Forced evictions are continuing in Haiti due to the government’s plans to rebuild Port-au-Prince. The poor are often left with just 10 minutes to gather their belongings before their homes are destroyed. This article describes this situation and other human rights violations related to development in Haiti, such as sweatshop labor.
Part of the article is below. Click HERE for the full text.
Haiti: Where will the poor go?
Seth Donnelly, San Francisco Bay View
September 26, 2014
During my last trip to Haiti this June with a delegation of students and human rights observers, we were exposed to the raw violence of the ongoing forced dispersal of the poor. On May 31, the Martelly regime intensified a process – in the name of “eminent domain” – of violently evicting the poor from their homes in downtown Port-au-Prince and then physically destroying their homes and businesses.
In downtown Port-au-Prince, the Martelly regime has been destroying homes of the poor in the name of “eminent domain.” – Photo: Seth Donnelly
We met with a group of men and women who had been subjected to this violence and we filmed their extensive testimony. They spoke of SWAT police and bulldozers coming at night, of having only 10 minutes to flee their homes, then witnessing the destruction of everything they had.
These survivors came to us with tears, anger and backpacks full of the only possessions they had left. They spoke of having to sleep in parks or on roofs, of children being put out on the street, of vulnerability to infection and ongoing harassment by the government.
One man, speaking on behalf of the Representatives of the Citizens of Centre-Ville Against Forced Displacement, stated that more than 62,000 people had lost their homes in downtown Port-au-Prince since May 31. The Martelly regime has not provided compensation and humane, alternative housing – in clear violation of the Haitian Constitution.
Indeed, official sources acknowledge that 400 properties have been destroyed, but only 17 people compensated.[i] Clearly, this grossly underestimates the numbers of people rendered homeless since legally registered pieces of property may actually consist of multiple dwellings of the poor with dozens of people living within them.
Secretary of State Planning Michel Presume stated earlier in the spring that the Martelly regime had taken all the necessary steps to compensate “the owners.” “We deposited this money in a deposit account. Owners have just to appear with their original titles, so they can receive from the Expropriation Committee the value of their land or their homes in accordance with the evaluation criteria for buildings.”[ii] Undoubtedly, the problem with this compensation formula is that it does not take into account the thousands of people dispossessed of their homes who were tenants, not owners.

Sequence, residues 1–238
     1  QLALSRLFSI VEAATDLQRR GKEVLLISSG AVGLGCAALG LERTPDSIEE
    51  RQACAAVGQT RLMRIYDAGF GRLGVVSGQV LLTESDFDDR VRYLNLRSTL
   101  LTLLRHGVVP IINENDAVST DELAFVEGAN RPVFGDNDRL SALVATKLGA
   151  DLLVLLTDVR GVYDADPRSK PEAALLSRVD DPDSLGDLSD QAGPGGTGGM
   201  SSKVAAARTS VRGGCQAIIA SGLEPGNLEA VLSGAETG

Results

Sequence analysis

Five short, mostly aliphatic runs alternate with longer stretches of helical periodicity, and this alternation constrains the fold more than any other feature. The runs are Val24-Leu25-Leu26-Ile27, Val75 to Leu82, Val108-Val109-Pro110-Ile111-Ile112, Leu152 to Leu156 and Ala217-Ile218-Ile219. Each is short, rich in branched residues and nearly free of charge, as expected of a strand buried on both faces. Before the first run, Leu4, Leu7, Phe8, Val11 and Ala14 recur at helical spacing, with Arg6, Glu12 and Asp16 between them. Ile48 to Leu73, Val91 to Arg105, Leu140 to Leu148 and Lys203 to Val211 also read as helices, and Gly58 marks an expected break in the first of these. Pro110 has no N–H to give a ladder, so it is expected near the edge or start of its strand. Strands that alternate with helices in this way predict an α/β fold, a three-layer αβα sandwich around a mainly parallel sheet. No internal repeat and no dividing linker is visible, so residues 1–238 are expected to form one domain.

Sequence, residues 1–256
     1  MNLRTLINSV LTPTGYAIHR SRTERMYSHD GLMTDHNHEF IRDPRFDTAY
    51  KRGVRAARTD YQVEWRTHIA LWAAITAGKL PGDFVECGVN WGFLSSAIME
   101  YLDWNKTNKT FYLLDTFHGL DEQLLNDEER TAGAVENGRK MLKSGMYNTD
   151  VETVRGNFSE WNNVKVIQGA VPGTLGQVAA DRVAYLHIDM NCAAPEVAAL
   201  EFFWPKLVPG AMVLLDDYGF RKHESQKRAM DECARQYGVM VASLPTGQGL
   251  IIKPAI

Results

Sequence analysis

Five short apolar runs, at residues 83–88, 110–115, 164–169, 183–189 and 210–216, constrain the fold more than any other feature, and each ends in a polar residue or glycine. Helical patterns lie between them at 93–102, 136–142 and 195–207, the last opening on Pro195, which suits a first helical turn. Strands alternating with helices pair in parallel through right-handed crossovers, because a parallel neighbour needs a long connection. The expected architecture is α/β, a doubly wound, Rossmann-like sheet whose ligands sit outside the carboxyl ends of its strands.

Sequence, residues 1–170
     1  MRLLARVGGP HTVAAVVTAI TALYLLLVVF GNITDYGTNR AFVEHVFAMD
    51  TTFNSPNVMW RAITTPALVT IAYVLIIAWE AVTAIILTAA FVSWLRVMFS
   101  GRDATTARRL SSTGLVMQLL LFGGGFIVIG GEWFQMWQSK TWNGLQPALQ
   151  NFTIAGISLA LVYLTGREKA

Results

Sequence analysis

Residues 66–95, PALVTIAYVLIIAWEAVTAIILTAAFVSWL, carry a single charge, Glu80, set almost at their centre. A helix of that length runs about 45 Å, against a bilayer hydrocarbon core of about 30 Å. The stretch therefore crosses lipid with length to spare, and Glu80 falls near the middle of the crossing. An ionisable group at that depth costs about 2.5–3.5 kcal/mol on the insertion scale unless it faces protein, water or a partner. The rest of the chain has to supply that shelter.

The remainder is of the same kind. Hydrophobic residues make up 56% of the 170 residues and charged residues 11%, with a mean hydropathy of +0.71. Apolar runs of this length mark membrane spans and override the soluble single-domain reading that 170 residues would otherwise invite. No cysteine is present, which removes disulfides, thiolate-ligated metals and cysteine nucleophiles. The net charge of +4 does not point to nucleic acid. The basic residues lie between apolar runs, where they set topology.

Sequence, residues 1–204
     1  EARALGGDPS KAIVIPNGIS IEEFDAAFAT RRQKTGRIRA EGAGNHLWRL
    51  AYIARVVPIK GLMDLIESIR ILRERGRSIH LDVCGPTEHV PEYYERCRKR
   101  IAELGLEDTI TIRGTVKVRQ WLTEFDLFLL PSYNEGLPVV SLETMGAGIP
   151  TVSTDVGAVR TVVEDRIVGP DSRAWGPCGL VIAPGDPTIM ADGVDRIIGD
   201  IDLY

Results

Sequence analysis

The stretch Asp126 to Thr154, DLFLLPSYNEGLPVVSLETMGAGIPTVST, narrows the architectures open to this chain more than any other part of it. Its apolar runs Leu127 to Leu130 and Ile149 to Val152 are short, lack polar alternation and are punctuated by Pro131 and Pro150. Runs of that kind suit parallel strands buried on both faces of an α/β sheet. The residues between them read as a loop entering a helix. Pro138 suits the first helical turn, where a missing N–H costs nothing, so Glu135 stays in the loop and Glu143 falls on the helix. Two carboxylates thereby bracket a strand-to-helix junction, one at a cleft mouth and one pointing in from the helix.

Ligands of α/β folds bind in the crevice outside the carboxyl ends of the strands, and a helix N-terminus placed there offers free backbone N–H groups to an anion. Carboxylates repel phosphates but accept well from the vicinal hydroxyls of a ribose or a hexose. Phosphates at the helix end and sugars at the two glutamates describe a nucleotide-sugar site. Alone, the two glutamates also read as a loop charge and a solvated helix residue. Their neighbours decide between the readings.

Accompanied by a Haitian human rights journalist, we visited the areas of downtown that had been subjected to these demolitions; we saw massive destruction spanning blocks and blocks, including half of the General Hospital. We saw a bulldozer still at work and Haitians standing around the rubble, perhaps some still in shock, as if another earthquake had hit.
The initial eminent domain decree for the downtown was issued by President Preval in 2010, then repealed and re-issued (with some modifications) by Martelly. Ostensibly, the goal is to rebuild the administrative center of the city, but Martelly has also stated that he welcomes the involvement of “entrepreneurs” and the private sector.
Secretary of State Planning Presume stated that “the State has a budget of about 150 million U.S. dollars (for the construction of the administrative city) from several sources: Petrocaribe, Treasury and Fund of the Cancellation of Haiti’s Debt.”.[iii]
The people who shared their testimony with us blamed Martelly for their dispossession and current misery. According to these Haitians, the eminent domain project involves not just the reconstruction of the administrative center, but the transformation of the downtown into an upscale, commercial zone. Further investigation is required to determine other facets of this plan and sources of funding and investment involved, particularly those by the “private sector” welcomed by Martelly.
Where will the poor go? Where have so many tent city dwellers already gone? The Martelly regime has dismantled most of the tent cities through stick-and-carrot methods: Many families have received a one-time payment of $500 to relocate while others have been violently evicted from the camps.
The $500 payment is notoriously inadequate given the spike in land and housing prices and rents, a “market reaction” in large part to so many rich foreigners now living in Port-au-Prince as part of the NGO-U.N. network. Moreover, the price of rice – now “Made in the USA” – has increased dramatically in recent years, perhaps as much as 500 percent, further rendering this $500 aid package paltry.
We gained a sense of where so many desperate people are relocating when we visited Canara, a “city” of approximately 200,000 people seeking to eke out an existence in the arid, “dust bowl” hills in the outskirts of Port-au-Prince…
Click HERE for the full text.